I became a bit obsessed with the idea that I needed to find out how recovery REALLY worked. People in AA and NA would try to pacify me and squelch my questions by saying “don’t worry how it works, just work it, and your life will get better.” Sorry, that is not good enough for me, especially since I was watching so many people relapse all around me. My personality type would not allow me to make this leap of faith, to simply work a recovery program on blind faith, just because it works for a tiny percentage of people who try it. Nope…..not good enough.
So I started digging deeper, and I started to really pay attention to people in AA meetings, and I started talking to them to find out what was really important to them in their recovery. How, exactly, did they stay clean and sober? I was especially interested in asking people who had multiply years clean and sober. If you had less than that then any information that you gave me was…..filtered a bit. It is not that I can’t learn anything from the newcomer, it is just that I really wanted to learn the secrets of success from those who had achieved long term sobriety. Listening to the newcomer who has less than 30 days sober prattle on at an AA meeting for 20 minutes was a complete waste of my time. Really. Sure, I could still learn something from that person if I was willing to look deeply into what they were saying, but it was still a waste of time. There are so many other people I could have been listening to, interacting with, learning from, and so on.
In talking with many people who had achieved long term recovery, I came to realize that the only hard and fast rule among “the winners” in recovery was that they never wavered in their number one priority: physical abstinence from drugs and alcohol. Sort of a no-brainer, right? But you would be amazed at how many people in traditional recovery consider other things to be far more important than this core principle. For example, the pursuit of faith and a higher power. In my opinion this is a total mix up, and such people are confused. They will say “without my higher power, I am nothing.” And I would wish to correct them and say “no, without your sobriety you are nothing. At least with sobriety there is a chance, there is hope, there is the possibility of connection with a higher power. Without sobriety, you are truly nothing, and you have no hope until you can get clean and sober.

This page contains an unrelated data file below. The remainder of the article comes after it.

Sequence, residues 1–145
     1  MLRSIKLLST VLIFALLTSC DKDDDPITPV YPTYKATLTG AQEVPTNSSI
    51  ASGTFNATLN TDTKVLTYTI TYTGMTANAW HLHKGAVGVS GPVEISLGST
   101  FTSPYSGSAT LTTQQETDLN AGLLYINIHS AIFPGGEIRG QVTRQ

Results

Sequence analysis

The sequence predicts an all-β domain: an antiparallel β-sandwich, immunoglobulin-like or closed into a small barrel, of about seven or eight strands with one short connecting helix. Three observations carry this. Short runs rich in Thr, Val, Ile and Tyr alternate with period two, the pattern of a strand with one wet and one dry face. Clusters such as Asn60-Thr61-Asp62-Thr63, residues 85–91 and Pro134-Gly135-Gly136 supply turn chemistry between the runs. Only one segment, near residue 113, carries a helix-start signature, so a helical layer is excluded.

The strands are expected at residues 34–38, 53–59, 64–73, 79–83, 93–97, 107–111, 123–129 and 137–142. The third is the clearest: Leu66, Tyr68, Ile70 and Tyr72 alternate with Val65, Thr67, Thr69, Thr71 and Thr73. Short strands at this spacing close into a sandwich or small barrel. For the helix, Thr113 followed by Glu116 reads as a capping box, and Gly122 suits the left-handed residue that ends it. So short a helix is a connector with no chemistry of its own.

Hope starts with sobriety. If you are not clean and sober, then any hope that you have for your life, your life situation, and your future is completely FALSE. The only exception is if you have hope for sobriety. And in that case, you should stop hoping and simply get on the phone and call up a rehab center. Take action and you can fly right past hope into something far more substantial and rewarding.
But people in AA frequently talk like there is something more important than this baseline of sobriety. They often speak as if the connection with a higher power is more important than abstinence itself.
So one of the key insights that I had to develop (on my own) in early recovery was to see through this confusion. I secretly started to believe the idea that my abstinence from drugs and alcohol was far more important than my connection with my higher power. I had to experiment and play with this idea myself, without sharing it with others, because to do so in modern day AA is apparently blasphemous. So I kept quiet about my idea and I simply held my belief to myself.